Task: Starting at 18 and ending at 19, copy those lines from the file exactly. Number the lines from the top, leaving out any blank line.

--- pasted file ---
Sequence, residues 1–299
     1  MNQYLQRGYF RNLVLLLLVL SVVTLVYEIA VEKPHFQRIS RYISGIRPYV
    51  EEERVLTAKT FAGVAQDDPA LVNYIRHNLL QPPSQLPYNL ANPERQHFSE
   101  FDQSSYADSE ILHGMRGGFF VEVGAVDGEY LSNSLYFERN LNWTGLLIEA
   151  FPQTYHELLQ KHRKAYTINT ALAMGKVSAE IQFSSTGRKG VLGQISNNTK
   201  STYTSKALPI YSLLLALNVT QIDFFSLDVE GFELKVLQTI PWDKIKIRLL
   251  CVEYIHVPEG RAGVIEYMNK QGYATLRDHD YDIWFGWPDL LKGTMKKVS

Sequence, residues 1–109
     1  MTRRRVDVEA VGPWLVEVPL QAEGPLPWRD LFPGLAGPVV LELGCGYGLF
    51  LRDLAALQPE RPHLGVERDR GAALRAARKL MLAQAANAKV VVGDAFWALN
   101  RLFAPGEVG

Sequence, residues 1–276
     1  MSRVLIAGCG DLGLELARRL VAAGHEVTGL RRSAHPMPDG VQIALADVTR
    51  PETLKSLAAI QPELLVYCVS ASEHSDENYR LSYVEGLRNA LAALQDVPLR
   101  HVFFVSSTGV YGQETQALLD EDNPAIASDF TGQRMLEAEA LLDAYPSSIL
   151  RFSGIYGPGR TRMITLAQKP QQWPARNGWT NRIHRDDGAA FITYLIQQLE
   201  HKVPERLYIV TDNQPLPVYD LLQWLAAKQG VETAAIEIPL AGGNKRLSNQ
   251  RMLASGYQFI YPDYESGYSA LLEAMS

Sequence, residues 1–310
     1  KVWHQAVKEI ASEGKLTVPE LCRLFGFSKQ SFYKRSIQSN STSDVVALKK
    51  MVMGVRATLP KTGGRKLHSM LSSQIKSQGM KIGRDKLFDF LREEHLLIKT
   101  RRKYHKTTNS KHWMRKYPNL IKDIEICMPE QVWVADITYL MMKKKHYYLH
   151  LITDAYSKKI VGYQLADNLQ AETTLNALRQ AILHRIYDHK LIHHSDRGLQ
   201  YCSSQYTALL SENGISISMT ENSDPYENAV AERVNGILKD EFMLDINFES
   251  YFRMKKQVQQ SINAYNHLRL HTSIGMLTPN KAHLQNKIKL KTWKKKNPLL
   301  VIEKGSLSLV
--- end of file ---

   251  RMLASGYQFI YPDYESGYSA LLEAMS

Sequence, residues 1–310